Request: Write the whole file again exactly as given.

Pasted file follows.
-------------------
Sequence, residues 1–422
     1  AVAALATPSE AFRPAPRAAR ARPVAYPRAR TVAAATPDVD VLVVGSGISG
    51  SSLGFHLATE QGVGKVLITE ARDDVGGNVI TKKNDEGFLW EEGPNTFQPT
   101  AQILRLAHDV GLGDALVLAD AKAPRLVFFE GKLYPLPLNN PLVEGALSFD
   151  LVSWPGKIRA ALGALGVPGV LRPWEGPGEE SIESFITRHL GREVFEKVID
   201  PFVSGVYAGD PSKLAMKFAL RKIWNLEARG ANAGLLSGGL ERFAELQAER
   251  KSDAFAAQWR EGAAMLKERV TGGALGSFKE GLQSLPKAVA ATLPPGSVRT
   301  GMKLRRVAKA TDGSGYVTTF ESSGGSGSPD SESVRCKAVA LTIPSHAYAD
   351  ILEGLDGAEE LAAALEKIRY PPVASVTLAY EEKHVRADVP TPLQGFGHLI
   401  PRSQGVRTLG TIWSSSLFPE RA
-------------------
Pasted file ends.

Sequence, residues 1–422
     1  AVAALATPSE AFRPAPRAAR ARPVAYPRAR TVAAATPDVD VLVVGSGISG
    51  SSLGFHLATE QGVGKVLITE ARDDVGGNVI TKKNDEGFLW EEGPNTFQPT
   101  AQILRLAHDV GLGDALVLAD AKAPRLVFFE GKLYPLPLNN PLVEGALSFD
   151  LVSWPGKIRA ALGALGVPGV LRPWEGPGEE SIESFITRHL GREVFEKVID
   201  PFVSGVYAGD PSKLAMKFAL RKIWNLEARG ANAGLLSGGL ERFAELQAER
   251  KSDAFAAQWR EGAAMLKERV TGGALGSFKE GLQSLPKAVA ATLPPGSVRT
   301  GMKLRRVAKA TDGSGYVTTF ESSGGSGSPD SESVRCKAVA LTIPSHAYAD
   351  ILEGLDGAEE LAAALEKIRY PPVASVTLAY EEKHVRADVP TPLQGFGHLI
   401  PRSQGVRTLG TIWSSSLFPE RA